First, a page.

Conflict in different parts of Afghanistan in the last week has driven tens of thousands of people away from their homes, the UN Office for the Coordination of Humanitarian Affairs (OCHA) said on Wednesday.
The office said that they are part of the nearly 390,000 people displaced by hostilities this year, with a massive spike since May. Many of the displaced fled to Kabul and other large cities, the Xinhua news agency reported.
Most of the displaced in the capital city are staying with families and friends, with a growing number camping in the open, facing increased vulnerability, it said.
More than 5,800 internally displaced persons arriving in Kabul between July 1 and August 5 needed food, household items, water and sanitation support and other assistance.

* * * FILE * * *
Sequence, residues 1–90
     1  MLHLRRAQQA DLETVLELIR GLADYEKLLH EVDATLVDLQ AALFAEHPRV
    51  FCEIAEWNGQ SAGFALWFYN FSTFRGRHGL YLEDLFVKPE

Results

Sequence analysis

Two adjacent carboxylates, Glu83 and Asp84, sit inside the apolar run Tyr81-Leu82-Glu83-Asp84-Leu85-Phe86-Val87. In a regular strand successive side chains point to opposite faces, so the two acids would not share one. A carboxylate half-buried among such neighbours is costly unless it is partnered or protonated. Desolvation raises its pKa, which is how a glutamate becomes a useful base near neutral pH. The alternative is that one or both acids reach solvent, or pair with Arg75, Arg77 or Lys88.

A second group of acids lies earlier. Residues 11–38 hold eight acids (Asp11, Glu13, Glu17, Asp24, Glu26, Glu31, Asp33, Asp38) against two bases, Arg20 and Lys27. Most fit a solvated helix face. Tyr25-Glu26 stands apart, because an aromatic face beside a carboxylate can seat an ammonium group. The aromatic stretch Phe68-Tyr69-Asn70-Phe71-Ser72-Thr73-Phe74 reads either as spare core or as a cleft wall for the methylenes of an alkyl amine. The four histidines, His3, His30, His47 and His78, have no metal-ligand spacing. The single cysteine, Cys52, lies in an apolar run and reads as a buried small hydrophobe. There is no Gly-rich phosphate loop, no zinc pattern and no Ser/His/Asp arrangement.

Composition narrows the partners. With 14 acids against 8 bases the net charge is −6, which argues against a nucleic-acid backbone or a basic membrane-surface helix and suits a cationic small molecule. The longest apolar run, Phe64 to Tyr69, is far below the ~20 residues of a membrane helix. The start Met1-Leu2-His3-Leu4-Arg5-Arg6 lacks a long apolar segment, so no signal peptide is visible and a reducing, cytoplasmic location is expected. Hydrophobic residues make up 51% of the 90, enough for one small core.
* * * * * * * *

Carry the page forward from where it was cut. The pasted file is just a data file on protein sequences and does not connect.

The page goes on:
Ten humanitarian teams on Wednesday assessed the needs of people staying outside in parks and other open spaces and identified an additional 4,522 displaced persons lacking shelter, food, sanitation and drinking water, OCHA said. A temporary health clinic and mobile health teams provided health services.
“Despite a worsening security situation, humanitarian agencies are staying and delivering to people in need, reaching 7.8 million people in the first six months of this year,” OCHA said. “Some 156 non-governmental organizations and UN agencies have delivered assistance throughout Afghanistan.”
While the humanitarians said they intend to stay despite increasing hostilities to deliver relief, it depends on staff safety, bureaucratic hurdles and raising additional funds.
The $1.3 billion Humanitarian Response Fund for Afghanistan is just 38 per cent funded, leaving an almost $800 million shortfall.